While you don’t have to add one of these, they help get other flavorings and seasonings to stick.

Savory seasoning suggestions: salt, garlic powder, onion powder, parmesan cheese, cheddar cheese powder, ranch seasoning, taco seasoning, cajun seasoning, pepper, Italian seasoning, rosemary, thyme, oregano, bails, dill, smoked paprika, chipotle powder, curry powder, cumin, coriander, sesame seeds, lemon or lime zest, chili flakes, nori flakes, cayenne pepper, chili powder, bacon bits, minced roasted garlic, or wasabi powder

The Right Salt for the Job

It may not seem like it, but the salt you use can make or break your bowl of popcorn. Here are some types of salt to consider.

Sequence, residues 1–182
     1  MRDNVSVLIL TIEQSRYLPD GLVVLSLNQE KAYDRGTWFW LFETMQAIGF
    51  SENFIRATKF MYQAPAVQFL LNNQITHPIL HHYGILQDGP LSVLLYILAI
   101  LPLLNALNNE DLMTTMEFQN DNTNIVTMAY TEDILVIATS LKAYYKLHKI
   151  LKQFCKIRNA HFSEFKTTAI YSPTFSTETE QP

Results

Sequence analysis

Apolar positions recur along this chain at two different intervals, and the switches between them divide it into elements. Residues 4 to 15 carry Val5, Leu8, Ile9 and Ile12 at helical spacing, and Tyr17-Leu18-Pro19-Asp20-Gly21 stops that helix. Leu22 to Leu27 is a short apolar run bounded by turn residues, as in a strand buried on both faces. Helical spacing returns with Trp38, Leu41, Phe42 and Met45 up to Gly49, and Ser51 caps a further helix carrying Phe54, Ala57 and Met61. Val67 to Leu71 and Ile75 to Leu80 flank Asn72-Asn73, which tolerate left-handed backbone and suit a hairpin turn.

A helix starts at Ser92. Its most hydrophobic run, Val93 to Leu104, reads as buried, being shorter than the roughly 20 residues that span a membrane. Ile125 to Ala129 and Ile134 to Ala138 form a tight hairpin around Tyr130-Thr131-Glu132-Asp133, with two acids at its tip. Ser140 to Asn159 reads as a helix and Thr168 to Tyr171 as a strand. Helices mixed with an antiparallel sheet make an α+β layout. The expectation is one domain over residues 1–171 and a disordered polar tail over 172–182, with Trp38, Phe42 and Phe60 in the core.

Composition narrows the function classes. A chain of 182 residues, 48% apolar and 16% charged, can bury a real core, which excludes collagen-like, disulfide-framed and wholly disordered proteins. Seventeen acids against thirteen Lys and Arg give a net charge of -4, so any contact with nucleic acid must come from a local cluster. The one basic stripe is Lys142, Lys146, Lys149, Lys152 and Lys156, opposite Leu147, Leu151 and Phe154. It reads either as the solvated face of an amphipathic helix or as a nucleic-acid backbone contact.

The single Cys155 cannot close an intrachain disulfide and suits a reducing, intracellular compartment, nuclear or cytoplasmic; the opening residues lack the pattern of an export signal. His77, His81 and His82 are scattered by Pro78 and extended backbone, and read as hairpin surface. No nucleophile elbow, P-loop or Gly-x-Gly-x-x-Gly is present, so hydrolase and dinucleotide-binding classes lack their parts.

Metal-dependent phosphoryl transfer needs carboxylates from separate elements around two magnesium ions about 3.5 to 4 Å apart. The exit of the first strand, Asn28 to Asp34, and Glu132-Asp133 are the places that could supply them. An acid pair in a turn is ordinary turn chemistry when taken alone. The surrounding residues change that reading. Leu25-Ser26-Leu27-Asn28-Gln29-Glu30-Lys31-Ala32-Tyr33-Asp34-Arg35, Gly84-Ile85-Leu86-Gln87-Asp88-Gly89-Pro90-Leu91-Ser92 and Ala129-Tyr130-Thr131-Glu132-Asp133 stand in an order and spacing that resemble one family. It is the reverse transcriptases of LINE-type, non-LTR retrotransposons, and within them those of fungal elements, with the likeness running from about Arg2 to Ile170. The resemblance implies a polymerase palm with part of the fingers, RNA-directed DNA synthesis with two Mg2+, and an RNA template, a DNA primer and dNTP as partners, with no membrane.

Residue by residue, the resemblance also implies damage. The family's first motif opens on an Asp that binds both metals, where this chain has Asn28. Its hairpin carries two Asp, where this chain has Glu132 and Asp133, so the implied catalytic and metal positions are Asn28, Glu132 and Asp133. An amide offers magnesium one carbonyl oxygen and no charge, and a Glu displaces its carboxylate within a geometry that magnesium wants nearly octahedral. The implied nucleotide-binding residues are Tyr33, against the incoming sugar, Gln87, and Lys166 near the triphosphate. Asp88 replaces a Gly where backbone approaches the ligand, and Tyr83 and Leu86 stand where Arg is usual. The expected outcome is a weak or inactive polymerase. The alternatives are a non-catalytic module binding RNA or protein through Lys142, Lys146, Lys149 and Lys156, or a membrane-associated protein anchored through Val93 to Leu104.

Fine Grain vs. Coarse Grain

Fine salt: This will get distributed over your popcorn more evenly and stick to the popcorn better. This can sometimes be labeled as popcorn salt in grocery stores.

Coarse salt: Coarse salt is perfect if you love a saltier flavor and crunchy texture. While it won’t adhere as well to the kernels, it will give you a more robustly salty flavor and add to your popcorn’s overall crunch.

Flavored Salts: Try garlic salt, truffle salt, or smoked salt to add new depths of flavor to your popcorn.

Sea Salt vs. Table Salt vs. Kosher Salt

Sea salt has bigger salt crystals, so it will behave more like coarse salt on your popcorn.

Table salt is generally a finer grain that will adhere better to popcorn, but it is more processed if that matters to you.

Kosher salt is more coarse than table salt and will add a bit of extra crunch to your popcorn.

A bowl of popcorn.
Photo credit: Depositphotos.

Methods For Making Popcorn

You have three main options for popping popcorn: Stovetop, microwave, and air popper.